Zsh Mailing List Archive
Messages sorted by:
Re: POSIX conformance in coreutils
- X-seq: zsh-workers 20697
- From: Vin Shelton <acs@xxxxxxxxxxxxxxxxxxxx>
- To: Peter Stephenson <pws@xxxxxxx>
- Subject: Re: POSIX conformance in coreutils
- Date: Wed, 12 Jan 2005 09:19:30 -0500
- Cc: zsh-workers@xxxxxxxxxx
- In-reply-to: <200501121027.j0CAR12W018808@xxxxxxxxxxxxxx> (Peter Stephenson's message of "Wed, 12 Jan 2005 10:27:01 +0000")
- Mailing-list: contact zsh-workers-help@xxxxxxxxxx; run by ezmlm
- Organization: EtherSoft, Inc
- References: <m3r7kr31g9.fsf@xxxxxxxxxxxx> <200501121027.j0CAR12W018808@xxxxxxxxxxxxxx>
Peter Stephenson <pws@xxxxxxx> writes:
> Vin Shelton wrote:
>> GNU coreutils (at least versions 5.2.1 and 5.3.0) enforce POSIX
>> conformance, so they don't like 'tail -1', instead they require
>> 'tail -n 1'.
> Might the environment variable POSIXLY_CORRECT be set? That seems to be
> the effect here. We could unset it explicitly if that's the case.
> Index: Test/ztst.zsh
> RCS file: /cvsroot/zsh/zsh/Test/ztst.zsh,v
> retrieving revision 1.19
> diff -u -r1.19 ztst.zsh
> --- Test/ztst.zsh 26 Jul 2004 13:18:14 -0000 1.19
> +++ Test/ztst.zsh 12 Jan 2005 10:26:43 -0000
> @@ -28,6 +28,9 @@
> [[ -n $LC_COLLATE ]] && LC_COLLATE=C
> [[ -n $LANG ]] && LANG=C
> +# POSIXLY_CORRECT can cause spurious error messages with "tail -<num>".
> +unset POSIXLY_CORRECT
> # Set the module load path to correspond to this build of zsh.
> # This Modules directory should have been created by "make check".
> [[ -d Modules/zsh ]] && module_path=( $PWD/Modules )
I checked and I do not have POSIXLY_CORRECT set. Here's what the
'Standards conformance' section of the coreutils info says:
In a few cases, the GNU utilities' default behavior is incompatible
with the POSIX standard. To suppress these incompatibilities, define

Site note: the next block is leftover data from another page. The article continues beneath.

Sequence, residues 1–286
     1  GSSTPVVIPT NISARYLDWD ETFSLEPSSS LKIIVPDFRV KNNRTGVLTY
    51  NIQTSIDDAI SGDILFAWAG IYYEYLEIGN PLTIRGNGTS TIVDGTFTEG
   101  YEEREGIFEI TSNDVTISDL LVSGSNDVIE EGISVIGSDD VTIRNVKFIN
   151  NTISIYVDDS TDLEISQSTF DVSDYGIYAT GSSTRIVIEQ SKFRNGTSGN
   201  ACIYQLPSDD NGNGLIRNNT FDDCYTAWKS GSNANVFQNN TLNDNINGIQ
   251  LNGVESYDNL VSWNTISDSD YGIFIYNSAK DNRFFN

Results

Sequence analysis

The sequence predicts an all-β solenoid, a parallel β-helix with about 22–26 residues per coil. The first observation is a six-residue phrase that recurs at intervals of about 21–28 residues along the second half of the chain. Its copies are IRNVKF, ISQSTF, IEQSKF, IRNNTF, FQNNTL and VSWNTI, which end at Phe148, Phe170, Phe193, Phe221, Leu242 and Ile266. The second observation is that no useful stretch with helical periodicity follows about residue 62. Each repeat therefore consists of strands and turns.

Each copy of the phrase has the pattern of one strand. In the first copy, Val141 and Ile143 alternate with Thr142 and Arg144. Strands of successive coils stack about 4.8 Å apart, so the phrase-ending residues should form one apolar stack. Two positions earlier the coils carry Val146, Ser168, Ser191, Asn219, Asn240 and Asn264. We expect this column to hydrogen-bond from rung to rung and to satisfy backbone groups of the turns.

the `POSIXLY_CORRECT' environment variable. Unless you are checking
for POSIX conformance, you probably do not need to define
Newer versions of POSIX are occasionally incompatible with older
versions. For example, older versions of POSIX required the command
`sort +1' to sort based on the second and succeeding fields in each
input line, but starting with POSIX 1003.1-2001 the same command is
required to sort the file named `+1', and you must instead use the
command `sort -k 2' to get the field-based sort.
The GNU utilities normally conform to the version of POSIX that is
standard for your system. To cause them to conform to a different
version of POSIX, define the `_POSIX2_VERSION' environment variable to
a value of the form YYYYMM specifying the year and month the standard
was adopted. Two values are currently supported for `_POSIX2_VERSION':
`199209' stands for POSIX 1003.2-1992, and `200112' stands for POSIX
1003.1-2001. For example, if you are running older software that
assumes an older version of POSIX and uses `sort +1', `head -10', or
`tail +10', you can work around the compatibility problems by setting
`_POSIX2_VERSION=199209' in your environment.
This sentence: "The GNU utilities normally conform to the version of
POSIX that is standard for your system" seems to indicate that some
kind of inference is going on.
I don't have a strong opinion about how we fix this. Either one of
Stephane's proposed solutions works just as well.
Messages sorted by: